Strictly statistically, the most compelling All-Star candidates on the defending World Series champions are … Josh Smith and Kirby Yates?! Smith hit .185 as a bench player last regular season before appearing only as a pinch-runner on three occasions during Texas’ run to the title, yet here he is with the highest OPS on this star-studded team (.869) by a comfortable margin, and not in a tiny sample, either (268 PA). He has been massively important in Josh Jung’s absence. Meanwhile, Yates, who turned 37 just before Opening Day, has been one of baseball’s best relievers (0.99 ERA) in his first year as a Ranger. He has been an All-Star before, and a dominant closer is more likely to get an All-Star invite than a former utilityman who has come out of nowhere, but I lean toward Smith here.

While you can make a strong argument for several of New York’s veteran hitters, I’ve really appreciated what Luis Severino has been able to do since switching boroughs. I’d argue he’s an even stronger choice for NL Comeback Player of the Year than the current favorite, Chris Sale, considering just how bad Severino was in his final year in the Bronx, and he’s coming off a particularly vintage performance over the weekend at Wrigley. An All-Star in 2018 and 2019, a return to the Midsummer Classic this season after the tumultuous and injury-laden past half-decade would surely be extra sweet for Severino.

Ketel Marte is currently leading the fan voting among NL second basemen, and that is very much deserved. With a career high in both hard-hit percentage and average exit velocity, the 30-year-old switch-hitter has been absolutely scorching the ball, especially when batting right-handed; in 119 plate appearances against southpaws, Marte is hitting .315/.378/.694 with 11 home runs. Amidst an otherwise blah encore for the defending NL champion Snakes, Marte’s star-level production has been a treat to watch.

On a roster littered with underperformance across the board, Isaac Paredes stands out as one of the more obvious All-Star selections among teams likely to have only one representative. Last year, Paredes was one of a handful of hot-hitting Rays position players who were snubbed from the All-Star Game despite gaudy stats. This season, Paredes, who has continued to master the art of the pulled fly ball, is the lone Tampa Bay candidate with a worthy All-Star résumé.

I’m quite confident CJ Abrams will be an All-Star in the not-so-distant future — maybe even this year, and I wouldn’t be mad about it — but Washington’s All-Star for me is one of its two young starters, Jake Irvin and MacKenzie Gore. While Gore is the sexier pick due to his more substantial name recognition and strikeout numbers, I lean Irvin right now considering how steady he has been over a larger sample of innings. The Nats are surprisingly flirting with .500 because of their vastly improved pitching; Irvin has been at the forefront of that progress and deserves to be rewarded in turn.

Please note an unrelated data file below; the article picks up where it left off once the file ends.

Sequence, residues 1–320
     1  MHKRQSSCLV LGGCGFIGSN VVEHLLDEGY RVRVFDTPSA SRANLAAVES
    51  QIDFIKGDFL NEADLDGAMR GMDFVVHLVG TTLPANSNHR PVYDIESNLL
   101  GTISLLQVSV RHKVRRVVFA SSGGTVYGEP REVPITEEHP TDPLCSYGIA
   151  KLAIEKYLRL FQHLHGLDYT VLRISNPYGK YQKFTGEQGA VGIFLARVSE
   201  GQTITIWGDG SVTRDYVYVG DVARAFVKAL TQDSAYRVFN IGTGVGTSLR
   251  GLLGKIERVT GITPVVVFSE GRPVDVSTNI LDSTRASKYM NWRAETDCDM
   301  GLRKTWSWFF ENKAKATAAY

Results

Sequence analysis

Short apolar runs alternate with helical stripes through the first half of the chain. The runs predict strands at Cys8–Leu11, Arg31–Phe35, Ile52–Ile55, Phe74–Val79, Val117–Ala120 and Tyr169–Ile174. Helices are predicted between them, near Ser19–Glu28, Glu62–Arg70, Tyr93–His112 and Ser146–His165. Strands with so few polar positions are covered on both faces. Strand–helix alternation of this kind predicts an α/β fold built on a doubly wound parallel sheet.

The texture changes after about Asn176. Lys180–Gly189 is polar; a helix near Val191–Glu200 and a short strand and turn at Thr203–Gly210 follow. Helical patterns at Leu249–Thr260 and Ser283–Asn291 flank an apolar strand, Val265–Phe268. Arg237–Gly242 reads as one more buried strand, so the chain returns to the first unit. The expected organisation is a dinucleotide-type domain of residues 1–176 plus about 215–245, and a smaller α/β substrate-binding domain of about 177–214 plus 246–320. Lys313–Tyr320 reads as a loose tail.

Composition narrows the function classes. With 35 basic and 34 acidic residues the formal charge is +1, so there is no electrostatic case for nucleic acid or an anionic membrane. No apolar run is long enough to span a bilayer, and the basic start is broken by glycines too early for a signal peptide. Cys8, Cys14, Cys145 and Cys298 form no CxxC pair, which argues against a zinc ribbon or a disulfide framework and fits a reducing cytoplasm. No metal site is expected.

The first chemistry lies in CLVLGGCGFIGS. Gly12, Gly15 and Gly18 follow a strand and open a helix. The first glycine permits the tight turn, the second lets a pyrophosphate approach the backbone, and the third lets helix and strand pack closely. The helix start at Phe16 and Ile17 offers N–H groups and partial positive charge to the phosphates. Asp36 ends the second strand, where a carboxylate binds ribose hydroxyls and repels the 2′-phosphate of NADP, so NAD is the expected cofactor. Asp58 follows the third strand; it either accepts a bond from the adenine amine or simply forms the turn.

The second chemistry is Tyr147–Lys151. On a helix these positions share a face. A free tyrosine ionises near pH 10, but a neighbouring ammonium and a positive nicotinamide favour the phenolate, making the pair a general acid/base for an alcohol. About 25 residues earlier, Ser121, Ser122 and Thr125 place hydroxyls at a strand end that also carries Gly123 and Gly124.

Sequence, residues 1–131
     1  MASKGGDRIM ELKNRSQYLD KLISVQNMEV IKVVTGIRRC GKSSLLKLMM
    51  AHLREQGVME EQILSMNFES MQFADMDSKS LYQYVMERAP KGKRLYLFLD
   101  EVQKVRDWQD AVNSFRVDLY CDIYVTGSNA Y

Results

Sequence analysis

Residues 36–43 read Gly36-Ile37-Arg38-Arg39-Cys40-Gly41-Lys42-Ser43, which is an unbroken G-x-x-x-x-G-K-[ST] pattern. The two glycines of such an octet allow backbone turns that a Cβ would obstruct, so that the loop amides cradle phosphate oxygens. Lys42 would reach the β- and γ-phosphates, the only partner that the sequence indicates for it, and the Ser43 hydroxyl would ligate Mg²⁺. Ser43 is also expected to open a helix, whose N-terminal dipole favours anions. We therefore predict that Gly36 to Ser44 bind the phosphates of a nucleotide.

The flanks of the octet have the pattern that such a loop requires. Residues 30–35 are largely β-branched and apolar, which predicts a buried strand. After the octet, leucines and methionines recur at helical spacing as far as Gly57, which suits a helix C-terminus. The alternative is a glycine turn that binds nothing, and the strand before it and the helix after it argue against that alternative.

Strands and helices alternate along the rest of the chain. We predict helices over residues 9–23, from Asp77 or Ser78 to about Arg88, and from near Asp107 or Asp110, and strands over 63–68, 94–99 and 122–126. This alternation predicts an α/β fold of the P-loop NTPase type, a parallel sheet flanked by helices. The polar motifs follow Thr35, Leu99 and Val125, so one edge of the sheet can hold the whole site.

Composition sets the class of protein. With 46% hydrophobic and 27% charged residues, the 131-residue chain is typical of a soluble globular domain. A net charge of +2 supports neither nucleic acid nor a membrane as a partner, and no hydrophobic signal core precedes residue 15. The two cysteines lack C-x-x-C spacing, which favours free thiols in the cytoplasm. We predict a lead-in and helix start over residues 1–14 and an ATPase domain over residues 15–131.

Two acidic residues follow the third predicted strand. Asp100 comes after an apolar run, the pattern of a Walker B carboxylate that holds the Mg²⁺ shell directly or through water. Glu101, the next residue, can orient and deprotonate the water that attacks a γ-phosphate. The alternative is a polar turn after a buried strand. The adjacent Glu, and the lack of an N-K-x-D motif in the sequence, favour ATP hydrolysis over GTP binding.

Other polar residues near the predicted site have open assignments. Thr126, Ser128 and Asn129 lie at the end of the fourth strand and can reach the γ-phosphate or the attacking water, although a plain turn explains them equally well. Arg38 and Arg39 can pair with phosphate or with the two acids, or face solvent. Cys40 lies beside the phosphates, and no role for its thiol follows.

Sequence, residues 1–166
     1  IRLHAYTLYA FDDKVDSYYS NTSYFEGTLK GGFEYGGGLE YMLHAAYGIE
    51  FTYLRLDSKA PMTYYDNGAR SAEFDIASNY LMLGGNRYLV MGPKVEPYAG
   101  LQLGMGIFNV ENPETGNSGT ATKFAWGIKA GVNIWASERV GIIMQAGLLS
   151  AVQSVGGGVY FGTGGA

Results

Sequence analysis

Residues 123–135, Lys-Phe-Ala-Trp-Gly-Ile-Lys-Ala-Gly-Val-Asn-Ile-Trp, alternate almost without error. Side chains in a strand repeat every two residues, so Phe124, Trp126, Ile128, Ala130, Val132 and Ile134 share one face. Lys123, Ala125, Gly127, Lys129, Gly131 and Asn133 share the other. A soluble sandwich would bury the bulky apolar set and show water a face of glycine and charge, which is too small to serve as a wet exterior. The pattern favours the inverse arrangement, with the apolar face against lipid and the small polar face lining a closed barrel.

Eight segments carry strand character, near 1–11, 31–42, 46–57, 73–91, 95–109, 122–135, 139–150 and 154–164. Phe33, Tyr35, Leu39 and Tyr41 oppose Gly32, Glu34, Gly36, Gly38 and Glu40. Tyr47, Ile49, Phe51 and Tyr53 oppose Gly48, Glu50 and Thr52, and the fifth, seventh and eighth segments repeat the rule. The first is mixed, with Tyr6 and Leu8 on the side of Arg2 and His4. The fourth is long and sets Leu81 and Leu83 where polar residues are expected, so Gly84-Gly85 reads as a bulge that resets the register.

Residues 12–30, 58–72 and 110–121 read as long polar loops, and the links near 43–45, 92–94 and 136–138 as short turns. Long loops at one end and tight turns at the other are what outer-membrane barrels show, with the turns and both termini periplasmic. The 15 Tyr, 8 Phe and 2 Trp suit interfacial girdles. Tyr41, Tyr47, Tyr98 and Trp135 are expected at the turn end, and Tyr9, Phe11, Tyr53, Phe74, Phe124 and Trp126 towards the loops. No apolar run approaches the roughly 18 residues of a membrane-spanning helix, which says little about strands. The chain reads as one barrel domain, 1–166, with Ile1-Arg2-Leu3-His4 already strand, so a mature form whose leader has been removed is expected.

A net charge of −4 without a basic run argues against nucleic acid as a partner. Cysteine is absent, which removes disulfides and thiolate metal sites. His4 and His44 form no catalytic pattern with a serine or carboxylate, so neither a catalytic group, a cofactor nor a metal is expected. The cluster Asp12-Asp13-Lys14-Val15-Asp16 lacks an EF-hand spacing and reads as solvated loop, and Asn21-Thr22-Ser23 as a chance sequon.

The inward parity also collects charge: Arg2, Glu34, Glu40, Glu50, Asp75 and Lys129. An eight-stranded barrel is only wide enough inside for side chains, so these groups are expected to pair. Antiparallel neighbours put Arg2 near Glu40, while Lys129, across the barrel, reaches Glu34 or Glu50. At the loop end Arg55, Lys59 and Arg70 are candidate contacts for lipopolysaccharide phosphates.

We can fairly safely rule out any of the hitters as likely invites, and the past few weeks have also made sorting through the All-Star options on the pitching staff a bit more challenging. Javier Assad and Shota Imanaga got off to such incredible starts but have started to regress fairly steeply as of late, while Justin Steele and Jameson Taillon have looked better and better as they’ve gotten further removed from their early season injuries. I’d still lean Imanaga right now, if I had to guess who’ll end up in Texas, but I wouldn’t rule out any of these four starters.

If you want to get hung up on his league-leading number of strikeouts, that’s on you — Elly De La Cruz is more than deserving of his first All-Star nod, and he embodies what it means to be a superstar in this league. In just more than a calendar year, he has completely transcended the small market in which he plays to become one of the league’s most popular players. And for the purposes of this exercise, he has been Cincinnati’s most productive hitter and hasn’t missed a game along the way. I’ll also add this: Don’t be surprised if Cincinnati’s underrated pitching staff gets an additional All-Star invite. Hunter Greene, Nick Lodolo and reliever Fernando Cruz (41.3% strikeout rate!!!) are all solid candidates as well.

I’d love to reward Riley Greene for his continued emergence as one of the AL’s best young hitters, but his teammates atop the Tigers' rotation, Tarik Skubal and Jack Flaherty, are both making legitimate pushes for the AL Cy Young award, making them the more compelling All-Star candidates. Skubal is the pick right now, and I continue to be so impressed that he has somehow managed to live up to, if not even exceed, the seemingly out-of-control hype he was getting entering the year. He’s legit and might even start the game for the American League.